Siblings could be matched with varying levels of accuracy depending on the similarity measure and facial features (global-to-local) being tested (Figs 2B and S1). These results suggest that many siblings share one or multiple features in the face, while others look rather different. Derivation of the sib-shared traits was focused on sibling pairs that matched near perfectly (within the top-1%) in any of the segments. We defined the final trait as the average shape of a particular sibling pair within a given segment, highlighting the facial features they have in common, i.e. those that were informative for accurately matching the siblings, while masking their dissimilarities.

A total of 1,048 traits were extracted across all segments, each of them representing a particular facial feature shared by a specific pair of siblings. Visual representations of the sib-shared traits are available online [30]. The 1,048 traits comprised 322 independent traits [31] due to the hierarchical and overlapping construction of the facial segments and the presence of multiple sibling pairs per nuclear family. Facial regions that were more often shared between siblings included the orbital and nasal area as well as the mandible (Fig 3A). From the total of 273 sibling pairs, 218 pairs (60 brother-brother, 66 sister-sister, 92 brother-sister) were used at least once to define the traits, belonging to 160 out of 194 nuclear families. The remaining 55 pairs with poor matching behavior were omitted. No sex effect was observed in the matching of siblings (S3 Fig). That is, relatively equal numbers of same-sex and different-sex pairs were selected (Fisher’s exact test p-value = 0.88) since sexual dimorphism was corrected for during image preprocessing. Similarly, matching of pairs was independent of the age difference of their individuals (two-sample t-test p-value = 0.87).

Fig 3. Genetic loci associated with the sib-shared traits.

(A) Number of sib-shared traits extracted per facial segment, corresponding to the number of sibling pairs that matched close to perfect within a given segment using the Mahalanobis angle. A total of 1,048 traits were extracted across all 63 segments, comprising 322 independent traits. The structure of the rosette plot corresponds to the polar dendrogram displaying the facial segments in Fig 2A. (B) Ideogram of the genetic loci that contribute to variation in the sib-shared traits, as identified by the association analysis of genome-wide common variants, depicted by circles and squares (i.e. overlapping and novel loci, respectively), and exome-wide low-frequency variants, depicted by triangles. For each locus, the color of the symbol represents the quadrant in which the top associated effect (i.e. lowest p-value) was observed.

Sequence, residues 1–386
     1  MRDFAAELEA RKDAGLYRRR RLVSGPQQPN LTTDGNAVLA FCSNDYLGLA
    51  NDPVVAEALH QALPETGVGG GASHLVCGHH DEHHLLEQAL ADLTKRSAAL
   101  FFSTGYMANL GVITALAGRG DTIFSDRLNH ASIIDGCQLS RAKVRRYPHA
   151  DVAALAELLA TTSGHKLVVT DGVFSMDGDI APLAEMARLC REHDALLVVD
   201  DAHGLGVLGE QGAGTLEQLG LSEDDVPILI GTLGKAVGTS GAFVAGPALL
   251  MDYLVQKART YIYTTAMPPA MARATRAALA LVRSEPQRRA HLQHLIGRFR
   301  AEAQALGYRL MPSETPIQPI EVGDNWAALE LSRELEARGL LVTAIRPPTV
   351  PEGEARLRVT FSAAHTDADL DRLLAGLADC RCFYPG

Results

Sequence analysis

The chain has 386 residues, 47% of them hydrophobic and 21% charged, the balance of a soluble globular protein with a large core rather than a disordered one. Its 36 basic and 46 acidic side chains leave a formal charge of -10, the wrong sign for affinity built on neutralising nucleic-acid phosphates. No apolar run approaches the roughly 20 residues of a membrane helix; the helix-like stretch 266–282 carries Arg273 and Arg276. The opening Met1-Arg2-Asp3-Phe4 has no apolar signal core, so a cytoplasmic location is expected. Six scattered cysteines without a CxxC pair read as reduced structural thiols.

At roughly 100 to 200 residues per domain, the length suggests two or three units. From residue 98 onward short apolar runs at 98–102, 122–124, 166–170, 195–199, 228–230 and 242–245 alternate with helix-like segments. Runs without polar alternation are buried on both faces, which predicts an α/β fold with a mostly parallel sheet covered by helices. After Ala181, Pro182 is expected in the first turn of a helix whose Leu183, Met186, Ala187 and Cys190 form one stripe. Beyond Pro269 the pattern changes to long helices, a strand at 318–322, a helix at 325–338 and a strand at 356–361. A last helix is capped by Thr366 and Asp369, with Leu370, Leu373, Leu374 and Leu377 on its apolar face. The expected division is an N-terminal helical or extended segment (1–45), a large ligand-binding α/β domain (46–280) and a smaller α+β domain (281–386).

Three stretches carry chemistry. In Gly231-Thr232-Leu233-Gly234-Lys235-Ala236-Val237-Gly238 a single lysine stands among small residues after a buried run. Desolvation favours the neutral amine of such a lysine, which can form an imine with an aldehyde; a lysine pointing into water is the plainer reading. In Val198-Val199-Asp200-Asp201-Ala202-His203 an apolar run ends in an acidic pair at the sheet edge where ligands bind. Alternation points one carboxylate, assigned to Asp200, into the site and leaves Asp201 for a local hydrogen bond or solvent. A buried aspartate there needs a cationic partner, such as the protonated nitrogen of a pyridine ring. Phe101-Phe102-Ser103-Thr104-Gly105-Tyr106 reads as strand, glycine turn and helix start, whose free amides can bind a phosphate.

Reduction of 3D facial shape to univariate measurements

Sib-shared traits can be described as vectors within the multidimensional shape space, extending from the global mean shape to the average facial shape of both siblings (S4 Fig). Moving further along this direction would produce a more exaggerated version (caricature) of the sibling average, while projecting it in the opposite direction of the global mean generates the inverse or anti-face [32]. In contrast with traditional linear measurements (e.g. distances), each direction or trait may affect multiple parts in the face at once, thus preserving the multivariate and multipartite nature of facial shape. New individuals can also be scored along the sib-shared traits, where the score continuously measures the presence or absence of that particular facial trait in all individuals (S4 Fig). To this end, we used two independently collected samples of unrelated individuals with European ancestry (EURO) originating from the United States (US, n = 4,680) and the United Kingdom (UK, n = 3,566) with genome-wide common variants available (S1 Table). First, SIB and EURO facial images were aligned in dense correspondence, ensuring that homology was established among the 7,160 quasi-landmarks [1,24]. Subsequently, univariate scores were generated by computing the MA between each trait vector and the EURO faces (S4 Fig), since this metric best captured facial trait similarity (S1 Fig). Positive and negative scores corresponded to individuals whose identity vectors [27] were in similar (‘face’) or opposite (‘anti-face’) directions, respectively.